Samantha Fish Picks Up the Pace

WARREN, Ohio – Samantha Fish isn’t teasing anymore.

The veteran guitarist jumps headfirst into the blues-backed pop she’s been flirting with on her new album, “Faster.”

Each of the dozen songs on the album, which debuted last month at the top of the blues charts, are polished to a shine. The bluesy hooks are still the foundation but they’re now layered beneath a dollop of punchy production techniques that add personality and pop-star attitude.

Samantha Fish will return to the Valley Friday when she’ll visit The Robins Theatre in Warren for an 8 p.m. concert.

The new release comes on the heels of 2019’s swaggering “Kill or be Kind” but uses it only as a jumping off point.

Like the title suggests, “Faster” comes at you, well, faster. It’s laden with Fish’s musical depth but with synthetic drum beats now in the mix.

The influence of music producer Martin Kierszenbaum (Lady Gaga, Sting) is a big reason for the punchier approach. Kierszenbaum co-wrote eight of the album’s 12 songs with Fish. He also helped the guitarist, singer and songwriter further refine her sound.

Anyone hearing “Faster” for the first time would be surprised to go back into Fish’s back catalog to hear what came before.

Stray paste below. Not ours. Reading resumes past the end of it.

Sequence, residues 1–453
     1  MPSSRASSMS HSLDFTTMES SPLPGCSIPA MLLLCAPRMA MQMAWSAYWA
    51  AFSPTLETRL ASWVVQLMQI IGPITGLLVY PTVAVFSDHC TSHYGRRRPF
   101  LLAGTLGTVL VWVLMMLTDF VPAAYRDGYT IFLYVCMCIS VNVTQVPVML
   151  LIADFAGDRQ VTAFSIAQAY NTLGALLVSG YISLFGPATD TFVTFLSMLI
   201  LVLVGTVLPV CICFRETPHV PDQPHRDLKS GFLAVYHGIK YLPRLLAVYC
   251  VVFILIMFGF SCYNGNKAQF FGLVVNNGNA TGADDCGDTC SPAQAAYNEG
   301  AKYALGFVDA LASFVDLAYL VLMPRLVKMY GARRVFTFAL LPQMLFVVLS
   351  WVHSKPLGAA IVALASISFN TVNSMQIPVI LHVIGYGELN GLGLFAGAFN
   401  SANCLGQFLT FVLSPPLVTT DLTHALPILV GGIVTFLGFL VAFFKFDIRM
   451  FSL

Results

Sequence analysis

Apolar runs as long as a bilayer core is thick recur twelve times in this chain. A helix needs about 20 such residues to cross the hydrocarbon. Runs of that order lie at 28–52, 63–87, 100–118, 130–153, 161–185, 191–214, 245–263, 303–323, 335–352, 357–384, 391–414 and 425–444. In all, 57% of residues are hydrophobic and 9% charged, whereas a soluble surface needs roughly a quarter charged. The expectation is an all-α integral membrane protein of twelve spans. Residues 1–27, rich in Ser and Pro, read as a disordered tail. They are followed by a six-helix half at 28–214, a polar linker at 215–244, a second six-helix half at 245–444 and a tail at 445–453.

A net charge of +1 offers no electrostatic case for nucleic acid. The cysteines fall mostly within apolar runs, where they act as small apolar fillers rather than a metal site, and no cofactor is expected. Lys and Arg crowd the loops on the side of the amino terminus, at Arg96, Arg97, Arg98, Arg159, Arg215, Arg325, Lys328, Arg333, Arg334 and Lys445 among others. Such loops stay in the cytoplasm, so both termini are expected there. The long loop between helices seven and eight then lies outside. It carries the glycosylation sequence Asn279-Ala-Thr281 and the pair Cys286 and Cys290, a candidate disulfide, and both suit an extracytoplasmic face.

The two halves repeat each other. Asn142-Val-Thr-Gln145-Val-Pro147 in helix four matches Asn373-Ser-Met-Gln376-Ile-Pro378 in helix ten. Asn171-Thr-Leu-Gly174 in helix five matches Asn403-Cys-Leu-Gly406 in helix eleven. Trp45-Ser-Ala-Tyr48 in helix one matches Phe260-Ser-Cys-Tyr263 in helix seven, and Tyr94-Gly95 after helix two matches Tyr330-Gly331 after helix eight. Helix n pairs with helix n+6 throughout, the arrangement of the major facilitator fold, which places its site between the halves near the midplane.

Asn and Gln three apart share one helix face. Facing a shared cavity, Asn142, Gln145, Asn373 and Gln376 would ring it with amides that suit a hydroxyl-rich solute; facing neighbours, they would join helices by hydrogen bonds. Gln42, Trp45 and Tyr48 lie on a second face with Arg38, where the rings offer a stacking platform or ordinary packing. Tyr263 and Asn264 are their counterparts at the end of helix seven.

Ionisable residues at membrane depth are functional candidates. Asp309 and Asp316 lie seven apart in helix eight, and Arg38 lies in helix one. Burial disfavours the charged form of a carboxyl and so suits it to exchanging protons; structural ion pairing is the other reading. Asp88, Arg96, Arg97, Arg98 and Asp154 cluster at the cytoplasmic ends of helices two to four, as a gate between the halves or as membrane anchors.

How bold is the new release? Rapper Tech N9ne – who, like Fish, is from Kansas City – makes an appearance on one song, “Loud.”

With Kierszenbaum’s guidance, the album has nothing but candidates to make a lot of noise on the music charts – it’s that catchy. And not just pop, but country charts.

As the name might suggest, “All Ice No Whiskey” is a blast of attitude in the vein of Miranda Lambert dressing down a phony lover. A bluesy earworm riff runs through it as the song builds to a crescendo.

The title cut is a down-low rocker while “Twisted Ambition” throbs with a chunky bass line and scratchy guitar riffs.

For a change of pace, the laid-back “Crowd Control” also connects. It’s a moment of honesty in a working woman’s life.

It’s also a perfect example of how the teamwork between the guitarist and her new producer can make a good thing even better.

In a press release, Fish says the song is about dealing with failure, vulnerability and coming to terms with the world and yourself.

“When I wrote it, it felt like a true rootsy, Americana song,” Fish said. “Martin {Kierszenbaum} added keys and modern synth textures that really brought it back around to this plaintive mood.”

Opening Friday’s concert for Fish at The Robins Theatre will be King Solomon. Tickets range from $30 to $39 and can be purchased at the theater box office, 160 E. Market St., or online at

Pictured: Samantha Fish (Kevin King photo).

Copyright 2024 The Business Journal, Youngstown, Ohio.